Opening a Harrassowitz (Wiesbaden) or Winter (Heidelberg) publication from the 1950s and 1960s is to discover a wealth of linguistic information organized just the way it should be. Even if the author’s prose is abysmal and his pedagogical method suspect, I just find it so easy to absorb information out of these books on the basis of their perfectly proportioned typesetting. By way of example, though imperfectly representing the paper quality, impression, etc., here are two scans from the first edition of An Introduction to Classical (Literary) Mongolian by Kaare Grønbech & John R. Krueger, which Harrassowitz published in 1955 and credited Hubert & Co. of Göttingen for the printing and typesetting.
Sadly, this aesthetic was lost when computer typesetting made it easy to forego the use of expert typesetters. It is illustrative to compare this book with Peter B. Golden’s An Introduction to the History of the Turkic Peoples (Turcologica 9) which Harrassowitz published in 1992. Hubert & Co. is still credited as the printer, but it appears that the author was obliged to typeset the book himself and the result is not so soothing to read. Besides some specific errors (the lack of en dashes in ranges, the use of straight quotation marks instead of left and right ones, and line breaks where there should have been a non-breaking space), there’s just a jumbled appearance that is hard on the eye:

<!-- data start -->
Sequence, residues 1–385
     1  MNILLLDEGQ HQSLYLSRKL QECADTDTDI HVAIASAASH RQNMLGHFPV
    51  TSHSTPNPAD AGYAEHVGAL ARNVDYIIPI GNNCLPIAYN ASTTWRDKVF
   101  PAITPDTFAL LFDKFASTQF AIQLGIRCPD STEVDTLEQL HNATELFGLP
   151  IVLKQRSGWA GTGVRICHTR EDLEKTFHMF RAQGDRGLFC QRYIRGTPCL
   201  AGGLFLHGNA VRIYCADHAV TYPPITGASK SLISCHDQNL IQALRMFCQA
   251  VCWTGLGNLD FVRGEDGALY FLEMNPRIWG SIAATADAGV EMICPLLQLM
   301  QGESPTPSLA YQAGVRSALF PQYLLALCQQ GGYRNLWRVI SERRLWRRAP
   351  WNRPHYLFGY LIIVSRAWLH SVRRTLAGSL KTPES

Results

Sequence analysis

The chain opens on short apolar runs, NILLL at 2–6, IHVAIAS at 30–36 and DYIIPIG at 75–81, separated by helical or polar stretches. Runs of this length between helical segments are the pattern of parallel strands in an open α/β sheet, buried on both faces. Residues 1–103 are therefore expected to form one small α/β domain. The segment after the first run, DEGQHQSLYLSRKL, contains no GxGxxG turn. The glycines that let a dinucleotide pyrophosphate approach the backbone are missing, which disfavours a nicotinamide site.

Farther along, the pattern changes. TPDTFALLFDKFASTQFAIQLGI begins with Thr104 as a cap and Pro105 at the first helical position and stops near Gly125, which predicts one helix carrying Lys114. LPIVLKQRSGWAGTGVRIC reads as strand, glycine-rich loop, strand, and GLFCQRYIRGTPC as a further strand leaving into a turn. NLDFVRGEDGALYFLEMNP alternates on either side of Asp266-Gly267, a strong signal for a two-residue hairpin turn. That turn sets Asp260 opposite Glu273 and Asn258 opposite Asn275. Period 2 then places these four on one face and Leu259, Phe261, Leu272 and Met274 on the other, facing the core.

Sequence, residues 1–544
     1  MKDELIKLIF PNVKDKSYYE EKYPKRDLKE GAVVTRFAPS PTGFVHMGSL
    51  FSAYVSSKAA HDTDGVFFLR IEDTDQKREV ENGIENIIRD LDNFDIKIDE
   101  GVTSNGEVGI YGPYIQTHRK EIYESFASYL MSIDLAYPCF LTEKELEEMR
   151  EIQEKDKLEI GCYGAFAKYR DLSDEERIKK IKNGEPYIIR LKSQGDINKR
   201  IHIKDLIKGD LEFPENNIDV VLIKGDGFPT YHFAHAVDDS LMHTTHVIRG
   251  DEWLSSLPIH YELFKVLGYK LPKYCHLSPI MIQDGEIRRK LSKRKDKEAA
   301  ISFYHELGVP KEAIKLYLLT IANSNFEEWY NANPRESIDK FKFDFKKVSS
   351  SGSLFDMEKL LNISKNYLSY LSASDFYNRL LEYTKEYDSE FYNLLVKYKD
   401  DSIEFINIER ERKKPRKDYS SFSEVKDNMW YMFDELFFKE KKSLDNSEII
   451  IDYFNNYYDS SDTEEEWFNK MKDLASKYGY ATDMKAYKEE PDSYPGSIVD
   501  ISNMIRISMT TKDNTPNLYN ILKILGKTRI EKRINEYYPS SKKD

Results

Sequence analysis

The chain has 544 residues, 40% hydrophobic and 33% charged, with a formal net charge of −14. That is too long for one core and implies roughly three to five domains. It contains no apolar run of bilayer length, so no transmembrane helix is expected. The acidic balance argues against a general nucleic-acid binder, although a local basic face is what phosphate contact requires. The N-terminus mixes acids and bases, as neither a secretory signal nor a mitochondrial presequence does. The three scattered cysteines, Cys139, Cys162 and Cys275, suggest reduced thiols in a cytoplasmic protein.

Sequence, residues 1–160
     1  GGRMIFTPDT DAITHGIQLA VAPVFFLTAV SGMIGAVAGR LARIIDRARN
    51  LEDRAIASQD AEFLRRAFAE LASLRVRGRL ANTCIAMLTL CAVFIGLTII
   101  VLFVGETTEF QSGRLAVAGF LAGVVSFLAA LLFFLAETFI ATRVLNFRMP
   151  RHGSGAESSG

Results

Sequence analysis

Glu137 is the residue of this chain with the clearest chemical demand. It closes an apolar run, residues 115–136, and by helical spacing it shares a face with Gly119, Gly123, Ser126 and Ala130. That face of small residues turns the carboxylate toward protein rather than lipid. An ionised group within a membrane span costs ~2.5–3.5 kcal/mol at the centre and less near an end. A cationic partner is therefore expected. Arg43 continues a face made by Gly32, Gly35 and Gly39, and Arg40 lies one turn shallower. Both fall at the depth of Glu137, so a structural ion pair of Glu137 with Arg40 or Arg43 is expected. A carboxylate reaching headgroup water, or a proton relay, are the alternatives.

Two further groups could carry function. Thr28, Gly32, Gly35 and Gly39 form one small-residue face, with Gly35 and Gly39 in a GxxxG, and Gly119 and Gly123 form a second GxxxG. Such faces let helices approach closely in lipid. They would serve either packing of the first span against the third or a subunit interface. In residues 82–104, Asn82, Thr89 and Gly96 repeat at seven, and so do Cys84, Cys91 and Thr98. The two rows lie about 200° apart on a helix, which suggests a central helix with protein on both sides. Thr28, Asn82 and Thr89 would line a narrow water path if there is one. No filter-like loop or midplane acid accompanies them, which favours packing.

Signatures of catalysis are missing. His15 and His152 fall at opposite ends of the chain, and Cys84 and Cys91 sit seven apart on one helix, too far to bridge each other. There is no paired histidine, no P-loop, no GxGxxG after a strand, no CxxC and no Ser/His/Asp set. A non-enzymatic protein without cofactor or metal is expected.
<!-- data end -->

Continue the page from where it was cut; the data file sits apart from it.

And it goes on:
Nearly all smaller academic presses look like this now. Cost savings are usually cited as the reason, but even when there is the money to spend, there doesn’t seem much interest in the aesthetic anymore. If native English speakers can successfuly charge authors a hell of a lot of money for correcting the language of a book prior to publication (10€/page is the standard rate in Finland), you’d think that the author wouldn’t mind paying another 100€ to a hungry student to iron out the bulk of typesetting infelicities.